To say I was proud of what we accomplished this post-season would be an understatement. This family came together more than ever. Never quitting. Playing for each other. Watching them battle night in and night out, and completely and unequivocally buying into the way I wanted them to play, was surreal to see. Watching them go on this magical post-season run, which led us to the OMHA Finals, gave me so much satisfaction as a coach.

We finished 1st in the regular season, finishing ahead of 2nd place by 11 points. We won our first round series against TNT. We won our second round series against Newmarket. We won an incredibly tough third round series against a hard-working Markham team that took us to the brink. We won our OMHA semi-final round against Kingston. We were heading into the OMHA Finals on a roll and ready to take on the # 1 team in the province, the Oakville Rangers, when the season was suddenly over due to COVID-19. No more practices to prepare for the Finals. No more meetings. No more motivational speeches. No more time together with our family.

Being away from my team and family since the season has been cancelled has been very tough. Like I said at the beginning, I realize that this is such a small, small part of this global pandemic, but it has made me realize some important things. I realized that the ultimate goal, and something that many people strive for, is being part of something bigger than yourself. Knowing that you have an entire team of people, an entire second family that will do anything for you and will always be there for you no matter what.

This is what I was missing when I stepped away from the game for the first time. I was missing that camaraderie and that family. Putting my effort into a common goal, with people who want success just as bad as you do. You can only get to the top if you do it together. There are no shortcuts to success and this team, this family, was so close to the peak.

Winning a championship bonds you forever. It changes you as a person. It fills you with confidence that you can take into the rest of your life. The lesson that if you put all that you possibly can into something, and work with people together, through thick and thin, you will be rewarded. It’s the best feeling in the world.

I was lucky enough to win 2 OMHA Titles when I played hockey in Stouffville growing up, and as I told my team many times throughout the years, I am still very close with and keep in touch with everyone on those teams. I was so genuinely happy that my team I had grown with over the past 4 years was ready to feel those championship feelings. They were going to know what I had been talking about over and over. The feeling of achieving the highest success with your brothers by your side. We had a very tough battle ahead, but this team had “it”. They were going to pull through no matter what it took. I just knew it.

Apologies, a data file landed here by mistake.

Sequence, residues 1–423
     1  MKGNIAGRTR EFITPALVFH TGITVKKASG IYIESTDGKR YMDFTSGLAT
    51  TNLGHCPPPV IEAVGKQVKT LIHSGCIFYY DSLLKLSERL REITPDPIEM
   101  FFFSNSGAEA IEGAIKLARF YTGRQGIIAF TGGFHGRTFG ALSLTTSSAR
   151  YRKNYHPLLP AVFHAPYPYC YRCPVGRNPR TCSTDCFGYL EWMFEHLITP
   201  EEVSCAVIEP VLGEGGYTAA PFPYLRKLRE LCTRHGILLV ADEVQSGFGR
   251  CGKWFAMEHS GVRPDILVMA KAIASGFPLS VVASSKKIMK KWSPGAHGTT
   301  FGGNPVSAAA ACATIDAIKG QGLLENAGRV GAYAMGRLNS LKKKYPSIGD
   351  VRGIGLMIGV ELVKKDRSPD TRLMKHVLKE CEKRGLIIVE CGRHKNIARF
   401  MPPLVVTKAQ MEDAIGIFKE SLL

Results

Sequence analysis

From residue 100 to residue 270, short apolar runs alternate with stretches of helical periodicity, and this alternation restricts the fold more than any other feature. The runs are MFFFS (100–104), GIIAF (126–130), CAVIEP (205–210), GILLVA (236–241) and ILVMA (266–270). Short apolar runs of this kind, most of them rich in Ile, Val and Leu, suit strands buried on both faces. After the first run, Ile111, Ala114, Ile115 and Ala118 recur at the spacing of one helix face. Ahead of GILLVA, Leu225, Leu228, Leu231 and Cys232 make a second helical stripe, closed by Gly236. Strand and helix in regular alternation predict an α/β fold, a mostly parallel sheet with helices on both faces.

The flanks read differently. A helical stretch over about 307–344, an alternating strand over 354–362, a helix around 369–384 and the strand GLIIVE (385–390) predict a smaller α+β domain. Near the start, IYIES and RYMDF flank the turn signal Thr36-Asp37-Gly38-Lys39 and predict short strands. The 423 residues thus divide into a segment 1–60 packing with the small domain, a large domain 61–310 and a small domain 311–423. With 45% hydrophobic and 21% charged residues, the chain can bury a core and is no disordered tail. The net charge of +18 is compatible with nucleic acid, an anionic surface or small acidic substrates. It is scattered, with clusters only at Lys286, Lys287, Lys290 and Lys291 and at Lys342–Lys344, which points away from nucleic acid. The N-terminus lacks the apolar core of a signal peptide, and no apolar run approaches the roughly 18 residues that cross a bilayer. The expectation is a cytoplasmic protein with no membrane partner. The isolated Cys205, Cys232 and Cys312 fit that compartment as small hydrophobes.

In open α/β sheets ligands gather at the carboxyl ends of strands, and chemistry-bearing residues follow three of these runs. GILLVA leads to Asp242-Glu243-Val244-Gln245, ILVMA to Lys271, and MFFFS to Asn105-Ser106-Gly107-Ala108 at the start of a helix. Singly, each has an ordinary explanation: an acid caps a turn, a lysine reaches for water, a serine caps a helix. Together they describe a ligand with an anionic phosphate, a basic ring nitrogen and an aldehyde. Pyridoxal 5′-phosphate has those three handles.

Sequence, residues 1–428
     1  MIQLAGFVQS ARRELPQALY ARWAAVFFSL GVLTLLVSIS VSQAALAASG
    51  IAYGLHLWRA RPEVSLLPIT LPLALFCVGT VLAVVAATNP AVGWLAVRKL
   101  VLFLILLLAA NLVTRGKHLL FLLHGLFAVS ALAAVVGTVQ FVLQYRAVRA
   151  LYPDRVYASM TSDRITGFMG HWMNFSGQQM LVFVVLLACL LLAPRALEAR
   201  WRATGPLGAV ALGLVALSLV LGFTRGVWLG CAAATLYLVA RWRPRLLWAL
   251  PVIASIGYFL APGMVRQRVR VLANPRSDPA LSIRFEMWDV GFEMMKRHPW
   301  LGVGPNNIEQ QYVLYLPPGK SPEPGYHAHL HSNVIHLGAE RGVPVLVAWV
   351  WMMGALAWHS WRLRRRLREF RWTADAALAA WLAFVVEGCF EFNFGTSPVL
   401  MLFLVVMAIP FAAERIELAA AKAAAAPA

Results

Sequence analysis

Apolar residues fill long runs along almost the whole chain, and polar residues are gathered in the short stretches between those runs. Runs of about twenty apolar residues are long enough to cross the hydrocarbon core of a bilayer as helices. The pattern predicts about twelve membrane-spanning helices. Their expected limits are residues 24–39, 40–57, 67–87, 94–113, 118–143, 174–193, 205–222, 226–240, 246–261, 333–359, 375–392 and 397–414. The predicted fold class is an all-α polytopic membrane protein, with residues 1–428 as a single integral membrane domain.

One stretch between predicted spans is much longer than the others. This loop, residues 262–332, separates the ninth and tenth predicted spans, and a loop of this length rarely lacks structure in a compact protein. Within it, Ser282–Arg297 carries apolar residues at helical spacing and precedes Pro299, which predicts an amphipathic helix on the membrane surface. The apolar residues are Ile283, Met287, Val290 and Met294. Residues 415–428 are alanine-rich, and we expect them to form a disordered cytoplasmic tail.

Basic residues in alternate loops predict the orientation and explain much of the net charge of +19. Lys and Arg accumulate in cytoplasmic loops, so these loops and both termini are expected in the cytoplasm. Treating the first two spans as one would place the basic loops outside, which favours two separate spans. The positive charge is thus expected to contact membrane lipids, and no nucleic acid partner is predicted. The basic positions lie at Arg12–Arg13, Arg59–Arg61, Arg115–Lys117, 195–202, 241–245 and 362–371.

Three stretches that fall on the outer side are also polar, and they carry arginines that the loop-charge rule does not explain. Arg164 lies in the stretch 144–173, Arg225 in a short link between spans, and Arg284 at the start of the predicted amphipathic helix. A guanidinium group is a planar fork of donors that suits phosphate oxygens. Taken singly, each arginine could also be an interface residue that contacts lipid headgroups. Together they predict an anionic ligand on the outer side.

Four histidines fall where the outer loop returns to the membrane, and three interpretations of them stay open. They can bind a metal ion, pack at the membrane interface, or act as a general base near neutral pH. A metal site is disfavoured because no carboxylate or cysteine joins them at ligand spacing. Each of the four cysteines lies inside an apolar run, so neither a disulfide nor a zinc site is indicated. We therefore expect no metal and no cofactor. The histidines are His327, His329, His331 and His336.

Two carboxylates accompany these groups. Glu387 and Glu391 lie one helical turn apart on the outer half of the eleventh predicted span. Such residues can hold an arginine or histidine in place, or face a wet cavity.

There were definitely tears when I heard the news that the OMHA Finals were cancelled and that my players, my family, would not be able to experience that championship feeling and see their dreams turn into reality. My dream turned into a nightmare. But immediately after the season was cancelled, my tears of sadness turned to tears of joy as I saw the culture that I had wanted to build when I stepped into this role as coach come to fruition right before my eyes.

That night, I saw players reaching out to one another over social media. I heard our players were coming together, and being there for each other to talk their way through this tough news. I had players reach out to me to see how I was handling this news. Players were saying that this was out of our control. All we can do is focus on what we can do to help and trust that things will get better if we do. It made me feel as though I had done my job. I had done my small part to help develop these young men into seeing what is really important. They didn’t need to win a championship to become connected for the rest of their lives. They already were.

As disappointed as I was to not be able to finish the season and finish my coaching career with this team in the way I always dreamed of by going out on top, I was lucky to have met all these kids and watch them grow into young men.

To every player that I have coached over my past 4 years in Stouffville, I thank you for listening to what I had to say (or at least pretending to). I thank you for reminding me what it means to be dedicated and passionate about something bigger than yourself. And most importantly, I thank you for helping me develop my passion for the game of hockey again and providing me with a second family that I loved deeply and will never forget. Championship or not, we will remain bonded forever and I look forward to seeing everyone sometime soon.